The Film Society of Lincoln Center presents the 9th edition of Scary Movies
The annual horror fest featuring highly anticipated new thrillers, genre rarities, and special guests has announced there lineup. This year will also feature a special two-day event celebrating the release of Kent Jones’s new documentary Hitchcock/Truffaut.
Scary Movies 9 (October 30 – November 5) starts with the premiere of Southbound, which made it’s debut at the Toronto International Film Festival. Following this mind-binding horror is a blow-out Halloween bash where prizes will be given for the best costume. This fright fest showcases 12 of the best new horror titles, plus horror movies of different backgrounds from Ireland, Denmark, Spain, and Turkey. As a part of Lincoln Center’s campus-wide Halloween celebration for kids, there will be a free screening of James Whale’s essential Frankenstein. Also a 35mm screening of the Hammer gem The Gorgon in tribute to the late Christopher Lee.
Scary Movies 9 tickets will go on sale October 15, with early access for Members starting October 13, and are $14; $11 for students and seniors (62+); and $9 for Film Society members.
Hitchcock/Truffaut tickets will go on sale October 8. Sneak preview tickets are $18; $13 for students & seniors. See more and save with the Scary Movies All Access Pass or 3+ film discount package. Special pricing may apply at select evenings.
SCARY MOVIES FILM DESCRIPTIONS
Roxanne Benjamin, David Bruckner, Patrick Horvath & Radio Silence, USA, 2015, DCP, 89m
This knock-down drag-out road movie puts the pedal to the metal as it speeds down a lost highway to hell with five separate but neatly connected stories of terror and menace that will take you on a wild ride you won’t soon forget. The action ties together the grim and bloody tales of two men on the run from a nameless menace, an all-girl rock group who break down in the desert and get a lift from some too-good-to-be-true Samaritans, a businessman trying to save the life of the woman he’s run down, a gun-toting roughneck who bursts into a bar in search of his long-lost sister, and a family whose vacation becomes a terrifying ordeal. Another mind-bending work from many of the makers of V/H/S and featuring the voice of Larry Fessenden as the radio DJ, Southbound is the rare anthology movie with no weak links. An MPI release.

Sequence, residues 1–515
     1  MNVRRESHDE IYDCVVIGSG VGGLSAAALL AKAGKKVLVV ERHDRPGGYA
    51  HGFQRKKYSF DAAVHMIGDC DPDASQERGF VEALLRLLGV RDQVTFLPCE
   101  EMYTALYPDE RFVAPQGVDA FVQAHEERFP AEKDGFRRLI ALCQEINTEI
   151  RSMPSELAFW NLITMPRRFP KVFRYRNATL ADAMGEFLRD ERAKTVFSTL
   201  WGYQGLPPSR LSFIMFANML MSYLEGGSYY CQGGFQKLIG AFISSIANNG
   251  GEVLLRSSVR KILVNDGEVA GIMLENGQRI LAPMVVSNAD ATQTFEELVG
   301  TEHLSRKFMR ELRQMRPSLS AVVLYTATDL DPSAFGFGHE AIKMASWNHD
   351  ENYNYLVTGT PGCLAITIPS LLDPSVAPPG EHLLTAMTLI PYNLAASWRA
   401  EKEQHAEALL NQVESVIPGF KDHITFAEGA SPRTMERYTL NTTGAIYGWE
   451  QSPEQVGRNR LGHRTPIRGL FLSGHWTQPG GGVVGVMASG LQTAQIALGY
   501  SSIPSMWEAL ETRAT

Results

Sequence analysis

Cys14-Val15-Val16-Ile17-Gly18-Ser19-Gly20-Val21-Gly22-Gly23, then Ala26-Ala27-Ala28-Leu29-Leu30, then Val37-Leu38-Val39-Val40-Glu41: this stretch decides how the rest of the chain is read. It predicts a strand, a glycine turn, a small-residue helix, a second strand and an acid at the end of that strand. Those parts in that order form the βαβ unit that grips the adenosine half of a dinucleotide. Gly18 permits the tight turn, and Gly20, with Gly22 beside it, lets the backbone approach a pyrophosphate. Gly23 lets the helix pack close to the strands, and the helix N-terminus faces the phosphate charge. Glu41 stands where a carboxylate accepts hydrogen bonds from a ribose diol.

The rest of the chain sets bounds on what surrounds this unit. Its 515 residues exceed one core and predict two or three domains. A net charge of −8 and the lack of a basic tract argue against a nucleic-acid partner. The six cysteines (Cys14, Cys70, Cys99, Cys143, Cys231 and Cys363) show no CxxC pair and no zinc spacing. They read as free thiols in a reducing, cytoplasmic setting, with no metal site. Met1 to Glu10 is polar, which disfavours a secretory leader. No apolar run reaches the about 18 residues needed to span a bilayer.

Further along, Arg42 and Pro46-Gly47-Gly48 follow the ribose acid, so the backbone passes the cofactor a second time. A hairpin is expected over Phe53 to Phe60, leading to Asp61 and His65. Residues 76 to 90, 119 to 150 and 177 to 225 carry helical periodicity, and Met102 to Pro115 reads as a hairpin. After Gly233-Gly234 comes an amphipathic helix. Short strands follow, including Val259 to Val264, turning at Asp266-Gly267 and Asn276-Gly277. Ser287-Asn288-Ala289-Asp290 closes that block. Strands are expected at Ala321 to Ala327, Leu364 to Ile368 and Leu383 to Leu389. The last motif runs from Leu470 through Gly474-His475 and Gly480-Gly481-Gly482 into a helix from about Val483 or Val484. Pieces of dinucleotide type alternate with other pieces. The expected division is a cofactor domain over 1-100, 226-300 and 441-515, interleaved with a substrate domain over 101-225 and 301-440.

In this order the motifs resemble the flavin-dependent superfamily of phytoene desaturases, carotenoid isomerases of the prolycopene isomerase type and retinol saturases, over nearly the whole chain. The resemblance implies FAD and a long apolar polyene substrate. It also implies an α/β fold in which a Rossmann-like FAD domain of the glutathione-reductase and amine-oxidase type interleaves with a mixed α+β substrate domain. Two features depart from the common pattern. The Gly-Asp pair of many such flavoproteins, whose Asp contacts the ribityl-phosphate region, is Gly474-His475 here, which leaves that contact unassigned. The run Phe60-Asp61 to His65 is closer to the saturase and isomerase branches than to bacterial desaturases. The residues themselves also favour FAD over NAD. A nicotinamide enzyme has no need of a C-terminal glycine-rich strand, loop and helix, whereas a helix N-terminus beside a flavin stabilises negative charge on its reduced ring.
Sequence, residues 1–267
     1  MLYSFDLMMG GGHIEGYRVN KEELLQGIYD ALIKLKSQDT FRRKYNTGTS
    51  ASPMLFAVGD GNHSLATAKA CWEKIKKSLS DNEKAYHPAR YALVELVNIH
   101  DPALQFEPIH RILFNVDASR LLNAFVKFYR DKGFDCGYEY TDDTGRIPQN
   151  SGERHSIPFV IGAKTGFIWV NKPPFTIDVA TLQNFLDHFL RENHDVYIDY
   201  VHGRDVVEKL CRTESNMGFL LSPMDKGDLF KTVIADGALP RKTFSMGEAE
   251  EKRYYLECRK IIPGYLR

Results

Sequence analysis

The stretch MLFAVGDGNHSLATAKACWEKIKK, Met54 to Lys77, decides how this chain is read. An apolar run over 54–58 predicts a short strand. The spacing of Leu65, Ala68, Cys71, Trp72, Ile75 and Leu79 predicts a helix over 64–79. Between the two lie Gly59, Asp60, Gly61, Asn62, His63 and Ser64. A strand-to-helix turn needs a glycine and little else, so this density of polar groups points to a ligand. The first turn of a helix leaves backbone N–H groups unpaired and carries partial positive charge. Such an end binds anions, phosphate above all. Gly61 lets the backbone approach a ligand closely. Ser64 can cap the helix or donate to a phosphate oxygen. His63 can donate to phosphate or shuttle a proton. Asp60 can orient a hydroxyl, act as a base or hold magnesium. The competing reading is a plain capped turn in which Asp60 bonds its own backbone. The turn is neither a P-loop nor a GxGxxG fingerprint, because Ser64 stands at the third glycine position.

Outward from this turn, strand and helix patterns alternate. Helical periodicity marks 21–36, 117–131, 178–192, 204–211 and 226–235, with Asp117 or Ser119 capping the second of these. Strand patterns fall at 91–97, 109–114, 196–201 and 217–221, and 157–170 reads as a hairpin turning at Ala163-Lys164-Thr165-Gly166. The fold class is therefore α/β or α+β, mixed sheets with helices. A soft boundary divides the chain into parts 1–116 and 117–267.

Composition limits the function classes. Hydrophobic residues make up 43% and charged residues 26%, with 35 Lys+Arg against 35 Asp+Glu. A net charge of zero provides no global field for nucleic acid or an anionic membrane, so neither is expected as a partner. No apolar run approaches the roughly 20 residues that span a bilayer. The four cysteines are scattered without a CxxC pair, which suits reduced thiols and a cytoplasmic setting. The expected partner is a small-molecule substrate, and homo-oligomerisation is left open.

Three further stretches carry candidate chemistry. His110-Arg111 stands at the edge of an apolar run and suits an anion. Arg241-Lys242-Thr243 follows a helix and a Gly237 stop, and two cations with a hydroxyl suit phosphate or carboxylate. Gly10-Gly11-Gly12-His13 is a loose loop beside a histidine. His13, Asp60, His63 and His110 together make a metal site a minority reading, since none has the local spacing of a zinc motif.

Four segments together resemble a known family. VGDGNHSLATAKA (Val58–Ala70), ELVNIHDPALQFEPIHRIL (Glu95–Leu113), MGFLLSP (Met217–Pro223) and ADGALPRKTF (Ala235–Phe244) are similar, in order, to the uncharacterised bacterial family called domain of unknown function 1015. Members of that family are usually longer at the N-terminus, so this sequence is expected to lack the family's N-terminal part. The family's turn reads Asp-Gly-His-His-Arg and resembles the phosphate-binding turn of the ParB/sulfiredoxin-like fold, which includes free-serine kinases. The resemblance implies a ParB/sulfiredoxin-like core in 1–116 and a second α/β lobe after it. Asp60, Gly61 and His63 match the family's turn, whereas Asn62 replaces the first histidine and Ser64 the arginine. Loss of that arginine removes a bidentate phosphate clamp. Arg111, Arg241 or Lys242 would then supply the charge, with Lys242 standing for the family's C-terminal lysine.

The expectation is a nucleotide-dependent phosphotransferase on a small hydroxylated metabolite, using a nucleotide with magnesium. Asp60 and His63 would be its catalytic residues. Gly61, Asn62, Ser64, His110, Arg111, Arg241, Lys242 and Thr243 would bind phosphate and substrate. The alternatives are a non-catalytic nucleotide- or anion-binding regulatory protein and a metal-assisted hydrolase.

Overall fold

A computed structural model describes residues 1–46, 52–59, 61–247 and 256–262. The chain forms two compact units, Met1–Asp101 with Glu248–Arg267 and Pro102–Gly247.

Friday, October 30, 7:30pm (Followed by a Halloween—or, rather, Mischief Night!—celebration. Dress like your favorite movie villain… or whatever else your cold, dead heart desires! Treats and drinks will be served, and best-costume prizes will be awarded.)
An Evening with Bernard Rose
Bernard Rose (Candyman) joins us for a rare 35mm screening of his 1988 dream of a film Paperhouse, about a lonely 11-year-old girl who creates an increasingly terrifying alternate world through her drawings, and his latest, Frankenstein, a violent, heartbreaking retelling of Mary Shelley’s immortal tale updated to present-day Los Angeles.
Bernard Rose, USA, 2015, DCP, 89m
From the terrifically imaginative mind of Bernard Rose (who gave us the fantasy-horror classics Paperhouse and Candyman) comes the latest retelling of Mary Shelley’s immortal tale. Updated to present-day Los Angeles, the film retains much of its source material’s key story elements and sentiments as two married scientists (Danny Huston and Carrie-Ann Moss) finally achieve perfection. Beautiful and gentle, their latest artificial creation (wonderfully embodied by Xavier Samuel) does indeed seem flawless, but his mind and body soon begin dramatically deteriorating. Left for dead, he enters the outside world—only to be further taken down by the hate that festers there. This violent, heartbreaking, wholly memorable experience, told from the perspective of the “monster,” also features Tony Todd (Candyman himself) as the blind man who provides temporary, judgment-free shelter. An Alchemy release.
Thursday, November 5, 7:00pm (Q&A with Bernard Rose)
Bernard Rose, UK, 1988, 35mm, 92m
Sometimes deep inside an overly imaginative mind can be the most dangerous place of all. Anna (Charlotte Burke in her only film role) is very special 11-year-old. Impetuous, sickly, and dissatisfied by life (her parents are having marital issues, her father is mostly absent) she creates an alternate world through her drawings. At first it’s a peaceful, less lonesome place to escape into (she even makes a new friend there in a disabled boy), but her nightly visits soon become terrifying. Paperhouse is a highly inventive, visual dream of a film featuring lush cinematography and a beautifully atmospheric score by Hans Zimmer and Stanley Meyers. It’s never been released on U.S. DVD; don’t miss this rare 35mm screening on the big screen, where all movies this beautiful are meant to be seen.